Jusepe de Ribera

Born: Xàtiva, Spain

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The oldest of the great painters of the Spanish Baroque, Jusepe de Ribera almost doesn’t even qualify as a Spanish artist, given that he spent the majority of his life and his entire career in Italy. Nonetheless, the artist was fiercely proud of his Spanish roots, and furthermore lived in Naples, which during the 17th century was a Spanish territory. The artist thus had strong connections with his homeland and exerted an enormous influence on Baroque art, both in Spain as well as in the rest of Europe. Ribera was lucky to be working in Naples. After becoming part of the Spanish empire in 1501 (the city would remain under Spanish rule for two centuries), the city’s population tripled in size, making it Europe’s second largest urban center after Paris. During the 17th century, Naples was a hotbed of intellectual and artistic activity, home to the century’s greatest artists, philosophers, writers and musicians, at least until the great plague of 1565 wiped out half the city’s population. By living and working in Naples, Ribera was guaranteed to be surrounded by cutting-edge art and wealthy patrons.

Virtually no documents exist that could shed some light on Ribera’s childhood in Spain. It is known that he was born and baptized in the town of Játiva in the Valencia region, the second son of a successful shoemaker named Simón Ribera; he lost his mother when he was only about five or six years old. Although sons were usually trained to continue the same profession as their fathers, some art historians have speculated that Ribera’s artistic pursuits could have been encouraged by other artists in his family. His paternal grandmother was named Juana Navarro of Tervel, and several painters with the surname Navarro were known in Valencia; this remains mere speculation, however. Ribera’s biographer claims that as a boy, Ribera was apprenticed to the successful local artist Francisco Ribalta, although there is absolutely no evidence to support this claim. Whatever the facts of his childhood, Ribera was evidently displeased with the way things were going and left his hometown in pursuit of bigger and better things (popular belief holds that he left Spain over an argument with Ribalta concerning the master artist’s daughter). Ribera was in Italy by 1611, stopping first in Parma, where documents reveal he executed a painting for the church of St. Prospero, and then ending up in Rome by 1613. Ribera stayed in Rome until 1616, studying at the Academy of St. Luke and living with his younger brother, Juan, as well as a whole flock of other fellow Spaniards in the house of a Flemish merchant on the Via Margutta.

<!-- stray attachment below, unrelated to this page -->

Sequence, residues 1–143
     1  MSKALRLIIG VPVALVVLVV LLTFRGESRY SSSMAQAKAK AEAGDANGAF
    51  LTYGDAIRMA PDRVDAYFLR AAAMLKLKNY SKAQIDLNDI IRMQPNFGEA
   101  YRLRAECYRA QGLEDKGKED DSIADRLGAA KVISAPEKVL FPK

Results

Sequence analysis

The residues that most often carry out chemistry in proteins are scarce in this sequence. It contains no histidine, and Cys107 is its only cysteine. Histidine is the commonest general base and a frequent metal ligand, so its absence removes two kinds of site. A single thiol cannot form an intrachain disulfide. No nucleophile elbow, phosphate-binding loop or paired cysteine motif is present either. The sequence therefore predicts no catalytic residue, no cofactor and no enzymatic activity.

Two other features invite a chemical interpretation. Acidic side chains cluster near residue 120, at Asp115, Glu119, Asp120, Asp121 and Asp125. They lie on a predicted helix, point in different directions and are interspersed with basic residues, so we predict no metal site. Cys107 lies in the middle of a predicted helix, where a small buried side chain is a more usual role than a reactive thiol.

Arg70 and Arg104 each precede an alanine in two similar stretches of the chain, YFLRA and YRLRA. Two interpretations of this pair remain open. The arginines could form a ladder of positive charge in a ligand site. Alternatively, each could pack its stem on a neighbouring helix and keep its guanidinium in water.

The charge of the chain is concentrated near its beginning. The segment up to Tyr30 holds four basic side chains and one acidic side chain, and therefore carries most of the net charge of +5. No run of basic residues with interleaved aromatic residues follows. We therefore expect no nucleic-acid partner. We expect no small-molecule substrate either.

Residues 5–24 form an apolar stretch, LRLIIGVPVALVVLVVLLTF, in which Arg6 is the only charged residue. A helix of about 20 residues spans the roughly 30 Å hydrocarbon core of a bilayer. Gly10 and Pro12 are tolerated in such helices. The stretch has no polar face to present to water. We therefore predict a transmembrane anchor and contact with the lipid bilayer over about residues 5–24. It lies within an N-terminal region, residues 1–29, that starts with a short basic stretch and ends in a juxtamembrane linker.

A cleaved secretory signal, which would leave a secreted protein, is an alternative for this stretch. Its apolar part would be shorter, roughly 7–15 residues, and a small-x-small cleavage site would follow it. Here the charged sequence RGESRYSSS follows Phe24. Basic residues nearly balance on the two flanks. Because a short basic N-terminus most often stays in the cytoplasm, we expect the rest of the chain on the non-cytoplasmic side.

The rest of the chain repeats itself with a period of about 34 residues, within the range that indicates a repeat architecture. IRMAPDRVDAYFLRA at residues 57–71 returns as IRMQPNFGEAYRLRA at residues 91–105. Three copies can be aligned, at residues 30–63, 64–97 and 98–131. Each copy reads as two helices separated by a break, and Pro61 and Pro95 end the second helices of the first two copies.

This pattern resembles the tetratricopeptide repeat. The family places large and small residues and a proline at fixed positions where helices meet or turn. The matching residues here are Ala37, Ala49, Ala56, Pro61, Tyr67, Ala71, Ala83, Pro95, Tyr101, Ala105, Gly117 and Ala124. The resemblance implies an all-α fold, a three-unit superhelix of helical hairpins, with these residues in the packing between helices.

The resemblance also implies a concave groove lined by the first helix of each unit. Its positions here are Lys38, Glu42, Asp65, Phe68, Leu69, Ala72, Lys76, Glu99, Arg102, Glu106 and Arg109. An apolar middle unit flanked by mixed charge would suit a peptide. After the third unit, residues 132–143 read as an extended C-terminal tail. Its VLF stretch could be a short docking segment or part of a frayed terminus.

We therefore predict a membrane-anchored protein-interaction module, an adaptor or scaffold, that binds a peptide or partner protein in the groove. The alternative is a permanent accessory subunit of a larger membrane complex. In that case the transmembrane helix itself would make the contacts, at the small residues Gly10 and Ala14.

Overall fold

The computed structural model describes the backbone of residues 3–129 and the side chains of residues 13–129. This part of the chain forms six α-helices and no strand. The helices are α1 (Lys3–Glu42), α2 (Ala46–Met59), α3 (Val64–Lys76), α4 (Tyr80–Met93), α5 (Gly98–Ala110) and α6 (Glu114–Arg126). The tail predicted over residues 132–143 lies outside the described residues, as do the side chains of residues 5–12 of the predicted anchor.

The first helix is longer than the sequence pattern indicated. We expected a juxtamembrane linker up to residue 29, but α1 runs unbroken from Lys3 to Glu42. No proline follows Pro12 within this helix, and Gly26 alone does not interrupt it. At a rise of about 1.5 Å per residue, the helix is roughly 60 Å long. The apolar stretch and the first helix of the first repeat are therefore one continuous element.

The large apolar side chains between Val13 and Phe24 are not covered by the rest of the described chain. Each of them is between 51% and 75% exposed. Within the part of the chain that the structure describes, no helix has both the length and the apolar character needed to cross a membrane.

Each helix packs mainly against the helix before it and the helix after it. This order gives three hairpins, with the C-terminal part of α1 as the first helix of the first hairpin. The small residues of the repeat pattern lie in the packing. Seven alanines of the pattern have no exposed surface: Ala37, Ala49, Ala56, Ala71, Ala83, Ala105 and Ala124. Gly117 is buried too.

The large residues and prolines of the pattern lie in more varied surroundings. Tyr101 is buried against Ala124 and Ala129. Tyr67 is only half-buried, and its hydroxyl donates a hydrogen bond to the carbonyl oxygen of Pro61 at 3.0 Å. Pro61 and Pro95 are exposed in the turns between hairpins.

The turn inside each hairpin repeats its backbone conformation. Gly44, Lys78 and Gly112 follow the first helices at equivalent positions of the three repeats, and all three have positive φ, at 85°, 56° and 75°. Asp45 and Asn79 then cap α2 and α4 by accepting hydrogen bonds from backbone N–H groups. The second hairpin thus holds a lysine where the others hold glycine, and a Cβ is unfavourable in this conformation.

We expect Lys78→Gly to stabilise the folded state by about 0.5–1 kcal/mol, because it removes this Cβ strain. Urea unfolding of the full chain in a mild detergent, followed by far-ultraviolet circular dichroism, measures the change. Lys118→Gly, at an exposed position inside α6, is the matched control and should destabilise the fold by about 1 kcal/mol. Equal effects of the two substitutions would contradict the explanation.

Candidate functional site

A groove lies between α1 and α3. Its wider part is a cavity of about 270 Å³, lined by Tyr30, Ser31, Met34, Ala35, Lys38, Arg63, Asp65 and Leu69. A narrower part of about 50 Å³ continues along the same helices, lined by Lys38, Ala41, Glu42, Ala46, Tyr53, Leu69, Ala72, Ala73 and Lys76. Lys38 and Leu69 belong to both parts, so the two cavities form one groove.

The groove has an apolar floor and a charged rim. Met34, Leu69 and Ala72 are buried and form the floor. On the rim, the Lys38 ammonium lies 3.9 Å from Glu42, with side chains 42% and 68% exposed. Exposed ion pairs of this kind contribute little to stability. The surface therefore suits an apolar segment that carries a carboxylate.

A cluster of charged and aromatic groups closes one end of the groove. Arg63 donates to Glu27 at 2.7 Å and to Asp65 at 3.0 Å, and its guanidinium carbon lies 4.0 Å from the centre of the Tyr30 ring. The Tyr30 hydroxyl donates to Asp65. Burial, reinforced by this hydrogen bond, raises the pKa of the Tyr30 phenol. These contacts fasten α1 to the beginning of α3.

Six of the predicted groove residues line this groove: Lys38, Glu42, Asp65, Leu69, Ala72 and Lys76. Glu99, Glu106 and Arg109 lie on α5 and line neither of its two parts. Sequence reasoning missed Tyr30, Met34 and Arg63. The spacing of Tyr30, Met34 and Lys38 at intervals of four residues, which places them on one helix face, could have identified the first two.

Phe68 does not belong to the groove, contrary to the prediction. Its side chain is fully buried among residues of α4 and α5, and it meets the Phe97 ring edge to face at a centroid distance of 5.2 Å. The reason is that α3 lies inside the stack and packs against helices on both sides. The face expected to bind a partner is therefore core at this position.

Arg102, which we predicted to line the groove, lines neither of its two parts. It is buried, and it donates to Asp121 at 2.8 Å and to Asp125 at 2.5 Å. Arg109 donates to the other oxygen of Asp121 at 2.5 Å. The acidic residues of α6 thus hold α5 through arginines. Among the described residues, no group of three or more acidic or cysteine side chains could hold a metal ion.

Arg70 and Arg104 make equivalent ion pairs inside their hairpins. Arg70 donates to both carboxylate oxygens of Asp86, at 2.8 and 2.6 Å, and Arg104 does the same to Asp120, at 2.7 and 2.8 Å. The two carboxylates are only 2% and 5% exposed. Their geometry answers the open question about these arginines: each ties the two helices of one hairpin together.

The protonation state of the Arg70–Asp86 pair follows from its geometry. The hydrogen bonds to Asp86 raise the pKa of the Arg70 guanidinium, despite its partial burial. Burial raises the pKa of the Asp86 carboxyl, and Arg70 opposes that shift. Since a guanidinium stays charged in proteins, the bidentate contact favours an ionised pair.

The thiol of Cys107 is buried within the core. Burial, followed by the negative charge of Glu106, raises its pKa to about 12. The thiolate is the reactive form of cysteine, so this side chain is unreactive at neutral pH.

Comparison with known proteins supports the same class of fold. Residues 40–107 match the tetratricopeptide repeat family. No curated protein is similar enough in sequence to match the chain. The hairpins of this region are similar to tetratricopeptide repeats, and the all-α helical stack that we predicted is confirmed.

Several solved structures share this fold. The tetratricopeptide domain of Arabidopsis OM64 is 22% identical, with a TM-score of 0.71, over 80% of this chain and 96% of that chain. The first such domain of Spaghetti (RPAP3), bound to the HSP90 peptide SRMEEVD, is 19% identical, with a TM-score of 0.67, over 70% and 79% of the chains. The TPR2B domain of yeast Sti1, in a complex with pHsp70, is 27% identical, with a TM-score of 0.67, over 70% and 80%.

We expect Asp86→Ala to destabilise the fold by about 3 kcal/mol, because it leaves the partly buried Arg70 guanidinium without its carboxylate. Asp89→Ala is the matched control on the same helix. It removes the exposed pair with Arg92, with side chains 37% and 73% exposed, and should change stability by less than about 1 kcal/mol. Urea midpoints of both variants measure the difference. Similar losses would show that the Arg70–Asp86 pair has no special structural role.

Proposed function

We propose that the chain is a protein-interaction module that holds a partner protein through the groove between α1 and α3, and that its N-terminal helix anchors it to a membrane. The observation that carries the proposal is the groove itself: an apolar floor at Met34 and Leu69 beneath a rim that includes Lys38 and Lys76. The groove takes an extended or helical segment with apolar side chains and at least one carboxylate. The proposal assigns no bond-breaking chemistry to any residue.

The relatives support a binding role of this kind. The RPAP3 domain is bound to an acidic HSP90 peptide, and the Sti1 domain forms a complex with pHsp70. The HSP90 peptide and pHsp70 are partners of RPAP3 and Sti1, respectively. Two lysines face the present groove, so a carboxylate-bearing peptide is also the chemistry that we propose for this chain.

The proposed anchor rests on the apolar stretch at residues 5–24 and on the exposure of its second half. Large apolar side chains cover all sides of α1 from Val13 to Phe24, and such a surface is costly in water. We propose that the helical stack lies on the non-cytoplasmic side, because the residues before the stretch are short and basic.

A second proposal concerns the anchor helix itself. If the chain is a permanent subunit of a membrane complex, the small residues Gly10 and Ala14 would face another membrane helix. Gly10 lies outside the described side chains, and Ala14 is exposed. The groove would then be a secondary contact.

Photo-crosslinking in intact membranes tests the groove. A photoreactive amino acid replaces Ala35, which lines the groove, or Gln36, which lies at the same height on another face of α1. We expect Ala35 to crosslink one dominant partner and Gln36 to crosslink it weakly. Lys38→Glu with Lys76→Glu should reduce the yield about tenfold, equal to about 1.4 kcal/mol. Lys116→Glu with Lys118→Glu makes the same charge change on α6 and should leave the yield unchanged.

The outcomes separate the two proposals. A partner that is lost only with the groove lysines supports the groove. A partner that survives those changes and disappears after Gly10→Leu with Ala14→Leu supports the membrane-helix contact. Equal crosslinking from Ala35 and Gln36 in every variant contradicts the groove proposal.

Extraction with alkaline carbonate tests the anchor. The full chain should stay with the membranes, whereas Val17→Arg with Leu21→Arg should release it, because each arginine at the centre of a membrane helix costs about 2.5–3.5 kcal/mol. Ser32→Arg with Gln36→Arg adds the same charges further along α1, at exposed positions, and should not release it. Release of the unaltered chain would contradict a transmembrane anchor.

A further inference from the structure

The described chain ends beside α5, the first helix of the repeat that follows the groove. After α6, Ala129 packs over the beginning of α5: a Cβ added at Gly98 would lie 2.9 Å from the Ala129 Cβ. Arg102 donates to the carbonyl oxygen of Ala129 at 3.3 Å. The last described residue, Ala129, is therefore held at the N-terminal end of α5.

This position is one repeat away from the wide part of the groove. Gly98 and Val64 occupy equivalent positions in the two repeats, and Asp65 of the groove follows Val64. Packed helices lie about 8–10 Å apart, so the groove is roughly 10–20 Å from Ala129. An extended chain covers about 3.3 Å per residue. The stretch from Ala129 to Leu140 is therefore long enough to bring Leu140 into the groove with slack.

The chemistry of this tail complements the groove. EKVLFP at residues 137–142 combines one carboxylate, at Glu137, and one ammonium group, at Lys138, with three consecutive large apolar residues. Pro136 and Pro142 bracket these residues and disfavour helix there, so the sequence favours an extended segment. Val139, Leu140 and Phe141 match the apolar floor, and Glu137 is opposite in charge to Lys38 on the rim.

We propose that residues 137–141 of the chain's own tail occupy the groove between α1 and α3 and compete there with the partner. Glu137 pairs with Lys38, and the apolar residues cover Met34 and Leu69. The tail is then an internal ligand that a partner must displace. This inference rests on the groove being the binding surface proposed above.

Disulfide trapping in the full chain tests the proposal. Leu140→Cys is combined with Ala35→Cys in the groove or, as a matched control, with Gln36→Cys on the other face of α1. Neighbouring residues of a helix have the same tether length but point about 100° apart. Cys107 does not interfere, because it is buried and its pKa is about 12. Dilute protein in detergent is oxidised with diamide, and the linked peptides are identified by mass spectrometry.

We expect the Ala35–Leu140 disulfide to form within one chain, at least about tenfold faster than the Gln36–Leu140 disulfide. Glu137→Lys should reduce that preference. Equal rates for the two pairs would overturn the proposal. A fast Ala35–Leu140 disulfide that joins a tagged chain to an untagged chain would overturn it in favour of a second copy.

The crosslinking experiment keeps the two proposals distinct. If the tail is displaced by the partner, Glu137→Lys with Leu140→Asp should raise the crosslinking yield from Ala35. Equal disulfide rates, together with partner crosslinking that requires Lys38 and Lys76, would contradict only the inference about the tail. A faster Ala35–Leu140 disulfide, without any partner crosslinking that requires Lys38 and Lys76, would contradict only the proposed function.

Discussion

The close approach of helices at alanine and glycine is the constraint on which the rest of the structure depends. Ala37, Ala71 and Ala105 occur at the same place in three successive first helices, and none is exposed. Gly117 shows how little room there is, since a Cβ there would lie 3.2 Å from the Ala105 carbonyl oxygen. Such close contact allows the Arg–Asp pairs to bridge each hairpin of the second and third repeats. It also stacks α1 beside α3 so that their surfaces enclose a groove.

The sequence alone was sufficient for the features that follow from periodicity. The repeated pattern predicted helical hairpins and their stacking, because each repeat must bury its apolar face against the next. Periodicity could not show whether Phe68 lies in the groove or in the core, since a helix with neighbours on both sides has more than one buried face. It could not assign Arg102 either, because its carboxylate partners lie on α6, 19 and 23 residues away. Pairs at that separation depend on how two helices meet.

Contemporary sources suggest that during these early years in Rome, Ribera led a libertine existence, perhaps in imitation of Caravaggio, whose art Ribera so admired. He thus quickly ran out of money and, apparently to escape his creditors, fled to the Spanish-ruled Kingdom of Naples in 1616, where he would stay for the rest of his life. Fortunately for Ribera, as a Spaniard he was able to ally himself with the Spanish elite as well as the Flemish merchants who were in the upper echelons of Neapolitan society, and who were thus the primary patrons of art in Naples. Soon after his arrival Ribera made an advantageous marriage to Catalina Azzolino India, the daughter of the established and successful painter and art dealer, Giovanni Bernardino Azzolino (the haste of the marriage suggests that Ribera may in fact have arranged it before he even left Rome). It should be noted that as popular as Ribera was as an artist, as a man he was often reviled. The Italian Neapolitans often resented their Spanish oppressors and Ribera’s proud demeanor and apparently tempestuous personality were far from ingratiating.